In the present information age, big data presents incredible opportunities - smarter cities, better managed companies, faster medicine - but just as many challenges. The world now contains unimaginably vast amounts of digital information, which is growing exponentially. Managed well, this data can be used to engineer new engines of economic value, unlock scientific breakthroughs, and hold politicians accountable. Managed poorly, it can cause great harm. The financial crisis showed that complex models that analyze large quantities of data do not always reflect financial risk in the real world. The financial crisis was sparked by big data—and there will be others. But the data deluge will also generate millions of new ideas for how to solve big problems, build new markets, and expand existing ones. In the past couple of years, big data has essentially become a buzz word in the enterprise technology world. However, people have forgotten that big data has been around and put to good use for a long time. In fact, Big Data is as old as the US Constitution.
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During the 1880 Census hundreds of clerks transferred data manually. Herman Hollerith, a statistician, thought that there must be a mechanical way of getting this job completed. Thus the U.S. census of 1890 which got completed in two years was a milestone in the history of modern data processing. This was the start of the age of mechanized data handling.
The Economist on IBM’s celebration of its 100th birthday: “In 1886 Herman Hollerith, started a business to rent out the tabulating machines he had originally invented for America’s census. Taking a page from train conductors, who then punched holes in tickets to denote passengers’ observable traits (e.g., that they were tall, or female) to prevent fraud, he developed a punch card that held a person’s data and an electric contraption to read it. The technology became the core of IBM’s business when it was incorporated as Computing Tabulating Recording Company (CTR) in 1911 after Hollerith’s firm merged with three others.”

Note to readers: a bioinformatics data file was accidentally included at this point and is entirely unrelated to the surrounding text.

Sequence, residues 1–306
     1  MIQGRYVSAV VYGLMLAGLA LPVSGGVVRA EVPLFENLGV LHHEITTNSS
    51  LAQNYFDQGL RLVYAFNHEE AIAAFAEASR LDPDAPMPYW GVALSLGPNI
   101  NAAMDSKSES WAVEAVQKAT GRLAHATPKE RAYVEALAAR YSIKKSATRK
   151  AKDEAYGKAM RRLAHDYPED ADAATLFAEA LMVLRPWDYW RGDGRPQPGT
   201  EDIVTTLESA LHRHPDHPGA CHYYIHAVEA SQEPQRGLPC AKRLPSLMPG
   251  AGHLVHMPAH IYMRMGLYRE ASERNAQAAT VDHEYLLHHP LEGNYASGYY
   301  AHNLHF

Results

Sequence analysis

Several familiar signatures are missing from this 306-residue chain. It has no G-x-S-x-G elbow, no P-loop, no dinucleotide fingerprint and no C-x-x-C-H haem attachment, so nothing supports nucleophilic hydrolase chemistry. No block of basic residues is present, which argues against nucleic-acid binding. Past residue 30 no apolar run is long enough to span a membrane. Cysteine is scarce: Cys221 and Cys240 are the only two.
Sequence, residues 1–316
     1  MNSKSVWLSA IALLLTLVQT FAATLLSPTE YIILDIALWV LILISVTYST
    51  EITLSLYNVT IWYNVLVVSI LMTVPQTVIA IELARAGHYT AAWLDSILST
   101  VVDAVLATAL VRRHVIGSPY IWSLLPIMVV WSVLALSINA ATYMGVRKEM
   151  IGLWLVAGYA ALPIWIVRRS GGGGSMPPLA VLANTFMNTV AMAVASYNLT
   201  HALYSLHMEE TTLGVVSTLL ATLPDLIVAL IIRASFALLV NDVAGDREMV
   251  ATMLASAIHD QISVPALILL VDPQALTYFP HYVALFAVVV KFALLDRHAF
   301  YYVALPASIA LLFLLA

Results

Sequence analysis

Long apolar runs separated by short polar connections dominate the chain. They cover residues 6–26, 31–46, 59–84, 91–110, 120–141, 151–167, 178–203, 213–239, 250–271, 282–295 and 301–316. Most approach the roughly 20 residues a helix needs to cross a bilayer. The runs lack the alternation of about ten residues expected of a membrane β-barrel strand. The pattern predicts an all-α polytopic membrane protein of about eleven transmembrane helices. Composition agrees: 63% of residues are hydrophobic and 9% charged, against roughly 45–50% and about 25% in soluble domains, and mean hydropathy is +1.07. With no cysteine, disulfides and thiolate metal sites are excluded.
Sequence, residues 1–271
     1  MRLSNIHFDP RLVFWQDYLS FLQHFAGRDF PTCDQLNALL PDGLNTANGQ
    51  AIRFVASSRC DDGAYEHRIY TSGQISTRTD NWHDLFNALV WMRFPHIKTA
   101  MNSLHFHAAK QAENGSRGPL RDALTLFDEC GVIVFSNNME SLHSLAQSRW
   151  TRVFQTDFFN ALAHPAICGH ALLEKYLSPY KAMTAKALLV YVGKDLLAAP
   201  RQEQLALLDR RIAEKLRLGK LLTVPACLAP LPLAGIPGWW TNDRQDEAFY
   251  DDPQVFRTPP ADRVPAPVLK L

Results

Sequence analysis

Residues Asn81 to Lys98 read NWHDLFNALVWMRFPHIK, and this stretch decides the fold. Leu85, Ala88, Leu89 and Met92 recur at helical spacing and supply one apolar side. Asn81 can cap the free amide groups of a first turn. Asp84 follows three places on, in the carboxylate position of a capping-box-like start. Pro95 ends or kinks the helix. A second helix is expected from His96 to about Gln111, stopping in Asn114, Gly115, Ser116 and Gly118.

In the late 1950s American Airlines pioneered the first airline reservation system which would allow its offices real-time access to flight information and automation of the booking and ticketing processes. They called it Sabre (Semi-Automatic Business-Related Environment). It was developed and launched in 1964 automating the reservation system and helping the airline to keep its inventory accurate in real time. IBM then stepped in and assisted American airlines to improve the system and extend its services to other agents and airlines. This system has been processing millions of transactions and saving companies like Travelocity.com money and offering reliability.
Extracting value from big data is gathering momentum across every industry. But while today’s media hype surrounds predictive analytics and new database technologies, one shouldn’t forget that there exists technologies out there which have been harnessing big data for years.
With the increase in enterprise data volumes and social networking, do you think big data is a recent phenomenon? Tell us your thoughts in the comments section!
Somaditya Sinha is a 2nd year Masters student in the Information Management program at Syracuse University. He is interested in management of large data sets and the design of data management systems. Contact him at email@example.com or follow him on twitter @somsinha86